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Choctaw Nation – News

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The official movie poster of the documentary “For Military Merit” touches emotions of what the Veterans Airlift Command is all about.

Film on Veterans Airlift Command Puts Focus on Choctaw Nation

DURANT, Okla. – Filmmaker Nik Coleman has 14 documentaries to his credit. His newest, co-produced by the Choctaw Nation, will have its world premiere at the Peabody Hotel in Memphis, Tennessee on Saturday, Nov. 10. The film, titled “For Military Merit,” sheds light on a community service of the Choctaw Nation. It tells the story of the Veterans Airlift Command. VAC states that it “provides free air transportation to post 9/11 combat wounded and their families for medical and other compassionate purposes through a national network of volunteer aircraft owners and pilots.”

“It was an honor to be approached to make the official VAC documentary. We’re thankful to producers Phil Tholen and the Choctaw Nation, under the guidance of Chief Gary Batton, for their generous assistance to make this important program,” Coleman said. He added, “The Choctaw Nation has demonstrated, not only by their philanthropy but by their actions and work with the VAC, the desire to live out the creed of ‘Faith, Family, and Culture’.”

“For Military Merit” is the inscription on the back of the Purple Heart, the medal awarded to American servicemen who are injured while on duty.

Texas-based Coleman, originally from the United Kingdom, said the Choctaw Nation is spotlighted in the film because of the tribe’s close ties to the project. The Choctaw Nation has three pilots and owns two planes that fly tribal associates to long-distance and time-sensitive meetings. When not in use for tribal business, the aircraft are used to transport combat wounded and their families in the Veterans Airlift Command. “It’s much less stressful for these wounded veterans than traveling commercial,” Coleman said.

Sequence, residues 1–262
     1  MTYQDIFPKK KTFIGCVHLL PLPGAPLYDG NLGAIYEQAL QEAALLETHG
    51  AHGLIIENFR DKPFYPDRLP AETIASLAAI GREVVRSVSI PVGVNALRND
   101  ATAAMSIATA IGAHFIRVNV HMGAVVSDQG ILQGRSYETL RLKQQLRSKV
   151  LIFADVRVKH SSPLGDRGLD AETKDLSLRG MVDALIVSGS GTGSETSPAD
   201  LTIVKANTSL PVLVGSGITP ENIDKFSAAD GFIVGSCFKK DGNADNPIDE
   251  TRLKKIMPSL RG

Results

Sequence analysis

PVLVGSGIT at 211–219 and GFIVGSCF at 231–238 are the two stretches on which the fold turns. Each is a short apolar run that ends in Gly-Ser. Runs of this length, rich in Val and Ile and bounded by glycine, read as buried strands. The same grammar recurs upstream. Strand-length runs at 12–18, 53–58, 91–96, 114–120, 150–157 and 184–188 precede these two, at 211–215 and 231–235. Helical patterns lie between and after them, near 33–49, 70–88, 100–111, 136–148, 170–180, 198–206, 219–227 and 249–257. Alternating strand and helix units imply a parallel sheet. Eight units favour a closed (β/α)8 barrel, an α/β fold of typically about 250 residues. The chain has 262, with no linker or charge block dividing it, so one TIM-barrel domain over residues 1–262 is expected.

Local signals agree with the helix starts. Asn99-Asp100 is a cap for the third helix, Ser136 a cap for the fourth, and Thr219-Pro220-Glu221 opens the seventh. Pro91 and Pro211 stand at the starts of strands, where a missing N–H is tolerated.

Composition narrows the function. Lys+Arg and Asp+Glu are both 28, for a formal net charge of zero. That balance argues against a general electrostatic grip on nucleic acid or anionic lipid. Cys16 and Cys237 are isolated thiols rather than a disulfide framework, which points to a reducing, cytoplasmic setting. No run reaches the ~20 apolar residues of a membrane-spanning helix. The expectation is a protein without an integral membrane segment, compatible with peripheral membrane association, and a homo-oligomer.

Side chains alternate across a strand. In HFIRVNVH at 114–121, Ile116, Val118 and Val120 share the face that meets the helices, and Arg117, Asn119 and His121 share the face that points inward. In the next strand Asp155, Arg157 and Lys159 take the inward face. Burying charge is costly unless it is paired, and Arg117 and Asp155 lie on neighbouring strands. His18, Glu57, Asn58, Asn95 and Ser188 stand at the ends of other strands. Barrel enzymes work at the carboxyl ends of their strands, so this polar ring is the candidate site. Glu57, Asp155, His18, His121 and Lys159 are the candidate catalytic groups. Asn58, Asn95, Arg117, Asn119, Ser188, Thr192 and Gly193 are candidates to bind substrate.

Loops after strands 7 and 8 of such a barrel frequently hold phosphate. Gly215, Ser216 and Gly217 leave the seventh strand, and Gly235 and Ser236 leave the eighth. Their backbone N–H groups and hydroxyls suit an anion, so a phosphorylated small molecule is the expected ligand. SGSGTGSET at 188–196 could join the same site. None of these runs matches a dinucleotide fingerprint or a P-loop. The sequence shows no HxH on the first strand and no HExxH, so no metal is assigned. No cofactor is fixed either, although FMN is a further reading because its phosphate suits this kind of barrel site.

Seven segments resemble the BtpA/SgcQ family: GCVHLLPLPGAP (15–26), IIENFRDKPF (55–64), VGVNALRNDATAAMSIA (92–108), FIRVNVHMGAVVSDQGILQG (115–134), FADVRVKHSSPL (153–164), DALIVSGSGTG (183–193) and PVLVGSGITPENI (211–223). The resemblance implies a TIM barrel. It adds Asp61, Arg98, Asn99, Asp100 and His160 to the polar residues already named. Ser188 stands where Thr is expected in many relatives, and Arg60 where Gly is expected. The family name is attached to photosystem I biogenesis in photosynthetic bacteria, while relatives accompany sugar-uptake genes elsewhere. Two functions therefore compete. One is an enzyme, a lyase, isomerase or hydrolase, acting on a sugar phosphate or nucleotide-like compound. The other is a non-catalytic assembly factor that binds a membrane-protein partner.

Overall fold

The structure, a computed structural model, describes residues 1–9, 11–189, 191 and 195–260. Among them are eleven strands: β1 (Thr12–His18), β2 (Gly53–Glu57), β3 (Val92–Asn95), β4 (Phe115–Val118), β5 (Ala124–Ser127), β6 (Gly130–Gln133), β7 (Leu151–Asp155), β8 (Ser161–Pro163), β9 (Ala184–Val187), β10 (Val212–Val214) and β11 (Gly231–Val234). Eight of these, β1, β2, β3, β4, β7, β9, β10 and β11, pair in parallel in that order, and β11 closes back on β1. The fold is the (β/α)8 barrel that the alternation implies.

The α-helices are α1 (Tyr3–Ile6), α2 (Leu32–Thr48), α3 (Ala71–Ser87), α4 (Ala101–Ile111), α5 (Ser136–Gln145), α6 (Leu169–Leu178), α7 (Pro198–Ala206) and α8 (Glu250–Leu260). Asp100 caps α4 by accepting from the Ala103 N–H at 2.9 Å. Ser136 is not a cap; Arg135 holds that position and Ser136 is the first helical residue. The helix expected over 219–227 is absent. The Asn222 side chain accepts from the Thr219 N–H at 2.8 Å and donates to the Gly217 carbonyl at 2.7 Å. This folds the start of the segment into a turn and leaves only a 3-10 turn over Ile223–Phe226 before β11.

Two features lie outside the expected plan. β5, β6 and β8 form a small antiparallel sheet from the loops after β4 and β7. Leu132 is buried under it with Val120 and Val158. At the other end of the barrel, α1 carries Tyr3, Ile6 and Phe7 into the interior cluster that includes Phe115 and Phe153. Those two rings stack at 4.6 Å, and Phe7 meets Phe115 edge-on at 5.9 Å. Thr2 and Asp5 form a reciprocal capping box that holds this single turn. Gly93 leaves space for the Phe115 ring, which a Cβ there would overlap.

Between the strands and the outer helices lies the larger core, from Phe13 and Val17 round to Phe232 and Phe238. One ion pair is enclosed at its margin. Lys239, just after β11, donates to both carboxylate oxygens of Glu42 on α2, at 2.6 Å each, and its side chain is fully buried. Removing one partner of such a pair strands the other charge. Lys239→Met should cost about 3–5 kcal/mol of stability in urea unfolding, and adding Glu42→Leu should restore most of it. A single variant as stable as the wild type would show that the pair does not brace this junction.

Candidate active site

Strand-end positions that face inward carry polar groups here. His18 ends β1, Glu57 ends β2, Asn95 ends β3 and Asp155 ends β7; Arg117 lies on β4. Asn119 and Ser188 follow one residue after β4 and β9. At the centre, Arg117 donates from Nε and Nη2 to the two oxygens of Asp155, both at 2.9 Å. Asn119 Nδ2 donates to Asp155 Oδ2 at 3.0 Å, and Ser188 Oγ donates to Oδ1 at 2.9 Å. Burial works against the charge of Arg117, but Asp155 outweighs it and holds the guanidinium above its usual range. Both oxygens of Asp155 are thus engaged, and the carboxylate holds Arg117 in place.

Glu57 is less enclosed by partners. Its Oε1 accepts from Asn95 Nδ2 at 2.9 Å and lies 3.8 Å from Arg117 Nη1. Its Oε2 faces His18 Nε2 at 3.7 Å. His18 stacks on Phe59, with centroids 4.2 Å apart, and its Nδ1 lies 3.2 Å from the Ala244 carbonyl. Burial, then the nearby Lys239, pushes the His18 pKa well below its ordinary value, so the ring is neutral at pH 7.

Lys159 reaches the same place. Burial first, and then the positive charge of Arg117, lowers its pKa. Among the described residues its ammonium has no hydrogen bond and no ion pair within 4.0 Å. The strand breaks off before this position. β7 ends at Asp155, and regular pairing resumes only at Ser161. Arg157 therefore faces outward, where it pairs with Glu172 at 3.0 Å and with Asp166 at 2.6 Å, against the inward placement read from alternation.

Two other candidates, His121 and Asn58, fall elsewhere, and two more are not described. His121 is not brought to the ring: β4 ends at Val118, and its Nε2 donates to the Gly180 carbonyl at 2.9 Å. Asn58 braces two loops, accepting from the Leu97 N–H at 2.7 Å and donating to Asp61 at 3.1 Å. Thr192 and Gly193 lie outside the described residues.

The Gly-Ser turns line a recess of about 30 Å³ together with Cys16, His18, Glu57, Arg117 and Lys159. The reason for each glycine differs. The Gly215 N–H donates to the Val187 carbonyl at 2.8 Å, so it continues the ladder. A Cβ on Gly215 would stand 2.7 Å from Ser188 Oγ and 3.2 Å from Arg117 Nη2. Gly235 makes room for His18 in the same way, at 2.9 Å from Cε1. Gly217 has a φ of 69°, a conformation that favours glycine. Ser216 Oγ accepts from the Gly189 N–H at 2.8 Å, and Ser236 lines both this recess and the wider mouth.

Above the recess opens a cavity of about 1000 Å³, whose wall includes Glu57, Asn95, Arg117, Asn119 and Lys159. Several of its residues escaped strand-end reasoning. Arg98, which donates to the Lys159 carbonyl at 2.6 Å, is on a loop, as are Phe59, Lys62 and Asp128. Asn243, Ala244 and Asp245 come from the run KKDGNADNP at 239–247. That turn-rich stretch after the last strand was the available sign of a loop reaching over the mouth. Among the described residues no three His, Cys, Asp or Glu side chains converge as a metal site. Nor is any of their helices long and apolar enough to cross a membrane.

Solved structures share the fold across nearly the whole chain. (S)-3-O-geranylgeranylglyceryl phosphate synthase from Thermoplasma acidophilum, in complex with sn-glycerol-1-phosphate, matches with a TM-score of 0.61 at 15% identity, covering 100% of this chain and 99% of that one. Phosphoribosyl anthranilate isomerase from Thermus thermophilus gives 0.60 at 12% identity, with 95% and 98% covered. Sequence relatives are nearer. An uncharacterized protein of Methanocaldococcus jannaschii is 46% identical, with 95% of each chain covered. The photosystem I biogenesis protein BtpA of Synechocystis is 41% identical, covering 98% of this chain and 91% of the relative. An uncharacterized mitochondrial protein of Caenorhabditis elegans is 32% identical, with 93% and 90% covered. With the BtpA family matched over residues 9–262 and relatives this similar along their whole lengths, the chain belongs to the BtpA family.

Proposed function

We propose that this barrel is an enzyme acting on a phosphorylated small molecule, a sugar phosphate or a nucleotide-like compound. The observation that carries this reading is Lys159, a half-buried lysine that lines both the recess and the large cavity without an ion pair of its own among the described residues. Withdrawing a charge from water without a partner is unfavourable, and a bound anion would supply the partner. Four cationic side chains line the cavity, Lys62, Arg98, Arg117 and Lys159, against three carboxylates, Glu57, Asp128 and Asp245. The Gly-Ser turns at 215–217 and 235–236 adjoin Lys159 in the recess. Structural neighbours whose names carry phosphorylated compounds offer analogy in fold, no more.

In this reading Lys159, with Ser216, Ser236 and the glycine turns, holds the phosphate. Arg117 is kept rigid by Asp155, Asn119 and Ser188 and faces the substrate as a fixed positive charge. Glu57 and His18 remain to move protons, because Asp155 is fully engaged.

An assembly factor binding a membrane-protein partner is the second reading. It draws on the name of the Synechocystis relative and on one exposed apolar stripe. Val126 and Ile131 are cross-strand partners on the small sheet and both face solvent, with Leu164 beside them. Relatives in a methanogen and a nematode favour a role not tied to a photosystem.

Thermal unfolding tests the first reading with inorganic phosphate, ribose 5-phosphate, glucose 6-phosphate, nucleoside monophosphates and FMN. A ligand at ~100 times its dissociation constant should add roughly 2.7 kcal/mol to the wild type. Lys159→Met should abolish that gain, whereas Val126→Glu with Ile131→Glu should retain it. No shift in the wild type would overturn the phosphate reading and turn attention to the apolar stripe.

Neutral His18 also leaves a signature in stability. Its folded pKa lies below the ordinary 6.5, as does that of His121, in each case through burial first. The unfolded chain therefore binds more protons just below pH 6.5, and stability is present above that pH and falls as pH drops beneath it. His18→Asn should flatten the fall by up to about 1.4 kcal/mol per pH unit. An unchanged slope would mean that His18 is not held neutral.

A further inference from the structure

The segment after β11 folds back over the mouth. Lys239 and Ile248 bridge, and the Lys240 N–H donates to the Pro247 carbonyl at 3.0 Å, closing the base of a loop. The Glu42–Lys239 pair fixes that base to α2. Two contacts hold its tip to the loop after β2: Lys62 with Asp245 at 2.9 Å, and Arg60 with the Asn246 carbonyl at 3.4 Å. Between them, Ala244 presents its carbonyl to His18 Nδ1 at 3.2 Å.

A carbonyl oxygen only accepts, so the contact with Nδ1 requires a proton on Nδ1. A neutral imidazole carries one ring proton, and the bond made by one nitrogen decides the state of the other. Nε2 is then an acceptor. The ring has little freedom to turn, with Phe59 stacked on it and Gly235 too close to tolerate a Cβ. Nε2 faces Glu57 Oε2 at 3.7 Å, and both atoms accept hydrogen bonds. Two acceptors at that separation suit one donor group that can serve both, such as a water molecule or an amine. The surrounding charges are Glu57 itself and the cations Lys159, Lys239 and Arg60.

The film will premiere at Hero Flight 2018, the annual two-day fundraiser for VAC. Coleman hopes to have a showing of “For Military Merit” in Durant shortly. “It would be great for the Choctaw people to see this,” he said.

For more about the film “For Military Merit” visit https://www.formilitarymerit.com/.


Photo by Deidre K. Elrod / Choctaw Nation

Chief Gary Batton reads the official proclamation naming November as Native American Heritage Month for the Choctaw Nation of Oklahoma at the tribe’s Heritage Day celebration on Nov. 5.

Choctaw Nation Chief Declares Native American Heritage Month

DURANT, Okla. – Chief Gary Batton proclaimed November as Native American Heritage Month for the Choctaw Nation of Oklahoma at the tribe’s Heritage Day celebration on Nov. 5. The first Monday of each month is Heritage Day at facilities throughout the Choctaw Nation, where many displays and presentations are held to celebrate the occasion. At the opening act at the Choctaw Nation Headquarters, Chief Batton said, “Let us remember those who came before us, let us be thankful, and let us help others.” After citing activities planned for the month ahead, he read the Proclamation.

It states in part,

… Whereas, the Choctaw Nation of Oklahoma celebrates and honors our Chahta people who were resilient with determination to survive and settle in our new home in Oklahoma to prosper as a great nation;
Now, therefore, the Choctaw Nation of Oklahoma recognizes and officially proclaims the month of November as
“Native American Heritage Month”
For sustaining our traditional identity, culture, and values, for we are proud Choctaws, “Chahta Sia Hoke”…

For a look at the Choctaw Nation’s Native American Heritage Month plans throughout southeastern Oklahoma, visit online https://www.choctawnation.com/history-culture/heritage-day.


Photo by Deidre K. Elrod / Choctaw Nation
Loading boxes of new weather band radios are Choctaw Nation Emergency Management staff, from left, Carminia Magby, Amber Gammon, and Dempsey Kraft.

Choctaw Nation Makes Serving a Priority